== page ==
"It may all come to pass," said I.


"Why not?"

"Monsieur Venizelos does not wish it. Nor does the King of Italy. Also I am afraid that Naxos is really quite contented under the Greek flag, now that Constantino is exiled and because, moreover, that same flag flies beside the flags of England, France, and Italy… No, Michael, there will be no revolution now in Naxos; no Duchy, no Duchess… And," she rose and looked at me, and stretched out one fair hand, "come into France with me, Michael… I can't leave my heart here with you unless I stay here, too… I can't become disembodied and float off to France leaving heart and mind and body and soul here – in your arms – in the arms of the man I – love… Can I, dear Michael? —Can I my dear lover? – my dearest – my beloved – "

Her fragrant, flushed face was close against mine when we heard Smith's trunk banging in his room and Raoul's voice: "Easy, mon vieux! Mon dieu, but it's heavy, your Norwegian-American luggage."

"Darling!" she exclaimed in consternation, "you're not packed up! Quick, Michael! I'll help you – "

"Thusis, I don't want this junk! Do you know what I am going to take with me?"

"What, darling?"

"My poems to you; the portrait of the Admiral; and my photograph of The Laughing Girl… And nothing else whatever."

I picked up the photograph from my dresser as I spoke and slipped it into my breast pocket.

"Are we to start housekeeping with the portrait of the Admiral and your heavenly poems of which I never before heard?" she exclaimed, enchanted.

"Not housekeeping," I said smiling, and drawing her into my arms.

"Aren't we going to keep house, Michael?" she asked, her surprised eyes uplifted to mine.

"After the war," said I.

For a full minute she stood gazing at me. Then:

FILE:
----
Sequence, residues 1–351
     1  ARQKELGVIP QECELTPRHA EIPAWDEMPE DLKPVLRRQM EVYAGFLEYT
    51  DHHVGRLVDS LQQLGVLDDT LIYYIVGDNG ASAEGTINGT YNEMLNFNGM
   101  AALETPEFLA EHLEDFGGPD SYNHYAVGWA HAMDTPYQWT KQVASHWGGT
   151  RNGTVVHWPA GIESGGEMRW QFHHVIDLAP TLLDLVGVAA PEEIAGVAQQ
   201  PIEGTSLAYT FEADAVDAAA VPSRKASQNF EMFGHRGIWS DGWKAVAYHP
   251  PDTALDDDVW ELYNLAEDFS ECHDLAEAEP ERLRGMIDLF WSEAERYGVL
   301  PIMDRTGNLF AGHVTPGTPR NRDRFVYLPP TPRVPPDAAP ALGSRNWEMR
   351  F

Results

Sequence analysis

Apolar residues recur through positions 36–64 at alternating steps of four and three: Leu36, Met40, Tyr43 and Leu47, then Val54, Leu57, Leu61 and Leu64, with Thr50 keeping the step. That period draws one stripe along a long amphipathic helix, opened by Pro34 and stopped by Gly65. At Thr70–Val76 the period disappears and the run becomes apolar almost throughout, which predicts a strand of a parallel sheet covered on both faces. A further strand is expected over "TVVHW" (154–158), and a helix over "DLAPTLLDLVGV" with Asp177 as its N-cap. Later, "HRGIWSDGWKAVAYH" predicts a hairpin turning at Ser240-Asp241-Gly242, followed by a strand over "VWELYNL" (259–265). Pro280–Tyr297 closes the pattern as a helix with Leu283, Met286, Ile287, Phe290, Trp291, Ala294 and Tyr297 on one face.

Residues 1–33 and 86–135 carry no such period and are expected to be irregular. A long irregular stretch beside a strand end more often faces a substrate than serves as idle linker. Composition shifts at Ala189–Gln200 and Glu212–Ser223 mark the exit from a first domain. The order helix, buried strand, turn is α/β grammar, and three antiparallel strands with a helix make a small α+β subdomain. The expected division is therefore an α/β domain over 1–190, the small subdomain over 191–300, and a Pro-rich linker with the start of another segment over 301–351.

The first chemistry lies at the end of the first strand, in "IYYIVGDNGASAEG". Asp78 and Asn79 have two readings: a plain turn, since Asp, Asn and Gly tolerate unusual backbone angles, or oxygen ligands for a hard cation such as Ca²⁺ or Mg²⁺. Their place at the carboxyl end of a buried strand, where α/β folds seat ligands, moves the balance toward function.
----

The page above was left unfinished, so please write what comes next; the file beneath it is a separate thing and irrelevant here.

"I understand." And she offered her lips for the first time to any man. And for the first time I kissed her.

"Yes," said I gaily, "I join Pershing. Or the Legion, if the Yankees won't take a Chilean – "

Smith rapped loudly on my door:

"Is Thusis there?"

"She is," said I.

"Did she persuade you to come with us?"

"She did."

"Good business!" cried Smith. "Is your luggage ready?"

"It is."

I handed Thusis my poems, unhooked the portrait of the Admiral, and tucked it under one arm.

Thusis pinned on her distractingly smart little hat, turned, flung both arms around my neck.

"There may be the deuce to pay for this in Italy," she whispered. "Oh, Michael! Michael! I adore you!"

Half way down the corridor a door opened and the queen's head in curl papers was thrust out. When her hard eyes fell on us she stiffened for an instant, then the celebrated Hohenzollern sneer twitched her features:

"Your housekeeper!" she hissed.

And Thusis threw back her beautiful head and the silvery laughter of The Laughing Girl filled the house with its exquisite melody.

"Oh Michael, Michael!" she said, "they'll be the death of the world after all – the boche! – for we'll all perish of laughter before we're done with them!"

And we went gaily on downstairs, my poems clasped to Thusis' breast, the Admiral's portrait under my left arm, and the lovely little hand of Thusis in mine – for ever, God willing – for ever and a day.